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The battle for places in the match day 26 was a major factor in getting Mayo ready for their game against Donegal on Saturday. The lack of having a major test ahead of the game was something that many feared could count against Mayo going in against a battle hardened Donegal side, but Cillian O’Connor wasn’t to concerned about it saying after the game. “I don’t think it was really, you can only play what’s in front of you. The Sligo game we put up a big score, but it was tough work for us especially in the forwards. Although we were getting scores and making a big lead it’s still hard, it’s still hard work to do that. We relied heavily then on intensity in training and matches between ourselves and thankfully the competition, especially the last two weeks and three weeks has been massive, especially from the six or seven lads outside the 26, some tough calls had to be made because there are lads flying and training was brilliant coming into the game. You don’t know until you go out and play we had a few good sessions and we felt great coming into it.”
Since the end of the National League campaign, Noel Connelly has become the public face of the Mayo management team when it comes to engaging with the press. On Saturday evening, it was once again the former Mayo captain who came out to face the questions after Mayo booked their place in the final four of the championship with a comfortable win over Donegal in Croke Park.
Lee Keegan said that he “absolutely” meant to loop the ball over Paul Durcan’s head and into the top corner of the net three minutes into the second half. As soon as the green flag was raised by the umpires, Mayo were on their way to a fifth All Ireland semi-final in a row. That goal put seven points between the sides and it was a matter of seeing out the game from there on in.
After last weekend's two mis-matches in the All-Ireland quarter-finals, GAA people are really hoping for some high quality fare this Saturday, when Monaghan take on Tyrone and Connacht champions Mayo face Donegal. The second game is the more attractive fixture by far and following Donegal's 10 point defeat of Galway last weekend, and in particular the way they finished the game, Rory Gallagher's men will feel that they can take down Mayo, as they did in the All-Ireland final of 2012.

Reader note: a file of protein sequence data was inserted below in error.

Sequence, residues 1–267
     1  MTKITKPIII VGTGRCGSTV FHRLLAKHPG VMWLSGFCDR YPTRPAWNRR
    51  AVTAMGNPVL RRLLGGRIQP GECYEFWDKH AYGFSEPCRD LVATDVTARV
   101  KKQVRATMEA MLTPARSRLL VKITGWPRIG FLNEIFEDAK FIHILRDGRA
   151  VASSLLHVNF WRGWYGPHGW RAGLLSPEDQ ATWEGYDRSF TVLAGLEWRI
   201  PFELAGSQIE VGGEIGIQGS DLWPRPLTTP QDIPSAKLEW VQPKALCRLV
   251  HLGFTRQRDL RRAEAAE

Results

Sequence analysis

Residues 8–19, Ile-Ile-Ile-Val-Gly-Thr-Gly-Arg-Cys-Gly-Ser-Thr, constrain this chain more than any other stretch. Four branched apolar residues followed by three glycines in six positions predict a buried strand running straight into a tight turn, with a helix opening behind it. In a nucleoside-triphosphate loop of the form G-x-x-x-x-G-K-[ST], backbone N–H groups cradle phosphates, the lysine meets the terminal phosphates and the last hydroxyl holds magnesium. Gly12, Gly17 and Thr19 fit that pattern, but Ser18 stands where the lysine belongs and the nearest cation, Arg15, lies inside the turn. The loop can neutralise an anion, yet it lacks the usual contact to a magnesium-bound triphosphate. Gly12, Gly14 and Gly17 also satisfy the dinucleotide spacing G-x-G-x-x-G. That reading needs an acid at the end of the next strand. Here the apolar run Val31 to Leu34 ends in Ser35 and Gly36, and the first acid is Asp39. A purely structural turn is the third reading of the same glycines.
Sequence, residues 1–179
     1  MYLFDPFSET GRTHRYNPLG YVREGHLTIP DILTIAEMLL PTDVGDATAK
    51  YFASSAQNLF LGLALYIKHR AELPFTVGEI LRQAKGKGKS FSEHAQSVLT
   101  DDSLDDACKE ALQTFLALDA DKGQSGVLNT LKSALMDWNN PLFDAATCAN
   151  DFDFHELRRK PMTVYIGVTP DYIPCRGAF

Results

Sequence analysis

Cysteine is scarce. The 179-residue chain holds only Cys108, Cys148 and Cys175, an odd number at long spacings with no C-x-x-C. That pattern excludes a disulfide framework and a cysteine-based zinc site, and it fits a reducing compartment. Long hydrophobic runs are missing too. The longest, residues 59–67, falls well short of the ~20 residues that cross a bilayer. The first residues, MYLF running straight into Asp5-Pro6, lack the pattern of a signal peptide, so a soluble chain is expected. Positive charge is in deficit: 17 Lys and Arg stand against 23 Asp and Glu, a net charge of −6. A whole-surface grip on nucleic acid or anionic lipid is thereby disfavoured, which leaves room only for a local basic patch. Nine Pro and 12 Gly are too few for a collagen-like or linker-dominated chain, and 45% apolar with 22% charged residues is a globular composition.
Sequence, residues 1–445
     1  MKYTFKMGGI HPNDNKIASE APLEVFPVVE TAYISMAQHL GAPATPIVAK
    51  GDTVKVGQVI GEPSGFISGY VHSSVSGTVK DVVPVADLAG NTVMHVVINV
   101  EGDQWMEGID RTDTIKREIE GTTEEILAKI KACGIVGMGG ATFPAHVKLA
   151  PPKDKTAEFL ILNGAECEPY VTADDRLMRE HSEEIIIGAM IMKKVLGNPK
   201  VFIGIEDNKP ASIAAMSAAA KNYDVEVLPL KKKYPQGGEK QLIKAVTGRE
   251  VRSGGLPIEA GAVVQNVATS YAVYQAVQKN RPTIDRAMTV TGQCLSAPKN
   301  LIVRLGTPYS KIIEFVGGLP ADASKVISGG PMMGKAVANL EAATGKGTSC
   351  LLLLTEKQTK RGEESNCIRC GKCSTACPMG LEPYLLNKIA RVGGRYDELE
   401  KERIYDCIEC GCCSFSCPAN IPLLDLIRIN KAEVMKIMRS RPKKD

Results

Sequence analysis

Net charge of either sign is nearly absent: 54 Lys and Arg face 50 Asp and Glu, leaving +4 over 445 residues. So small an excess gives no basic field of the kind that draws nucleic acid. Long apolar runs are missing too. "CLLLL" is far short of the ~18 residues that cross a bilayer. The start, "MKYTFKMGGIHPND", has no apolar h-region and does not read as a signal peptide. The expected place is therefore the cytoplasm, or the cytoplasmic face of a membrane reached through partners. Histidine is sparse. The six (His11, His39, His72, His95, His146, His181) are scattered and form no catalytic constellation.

Back when Pat Holmes and Noel Connelly took charge of the Mayo u21s for the first time in 2006, Keith Higgins was the man who they entrusted as their leader on the field. When the duo took the reins of the senior team this year it was the Ballyhaunis man they looked to again to be their battlefield commander. Higgins has been one of the finest defenders in the game over the best part of the last decade and he knows despite what others may say about the championship proper only beginning in August, it kicked off in earnest a long time ago. "If you're a Mayo player and you see the draw coming out and you see you've Galway in Salthill, that's where the championship starts no matter how good your record has been the last few years. That's championship stuff and that's what gets you going. You ask the Donegal boys and they'll say the same thing when they'd to play Tyrone in the first round at the end of May. They can't be thinking ahead to August. But August is where you want to be."
For me the championship proper starts tomorrow at Croke Park. What has gone on before is bordering on a joke. Apart from Kildare defeating Cork in a round three qualifier and Cork almost catching Kerry on the hop in the drawn Munster final the rest has been straightforward and in some cases embarrassing. The first year the quarter-finals were introduced the cumulative winning total of the four games was just 11 points, the first two this year yielded a 35 point winning margin for Kerry and Dublin. I have no doubt Kildare would have taken a respectable few points loss to Cork in that qualifier rather than trying to come to terms with that 27 point humiliation at the hands of Kerry last weekend. Who would ever have thought that Kildare footballers would suffer a 19 point and a 27 point hiding from Dublin and Kerry and in the same season knock Cork out? Football has gone crazy.
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The Heaney family’s association with master butchery stretches back more than 300 years. Heaney Meats produces only the highest quality meat which has now become synonymous with the Heaney name.
Quite often, my colleagues and I hear clients say that they have made several job applications but have heard nothing back. The palpable frustration this causes is clear for all to see. It’s an all-too-common problem within the recruitment process but there are ways to reduce the chances of it happening to you. In simple terms – it boils down to you as a job seeker making a connection with someone on the other side of your application, writes Mark McDonald, Career Coach.
The unique ‘Green Tea Chai’ pyramid range from Galway-based Solaris Tea has been shortlisted for the finals of the prestigious Irish Quality Food and Drink Awards. Solaris ‘Green Tea Chai’ was one of almost a thousand product entries which underwent three weeks of tough judging at the Dublin Institute of Technology’s School of Culinary Arts and Food Technology.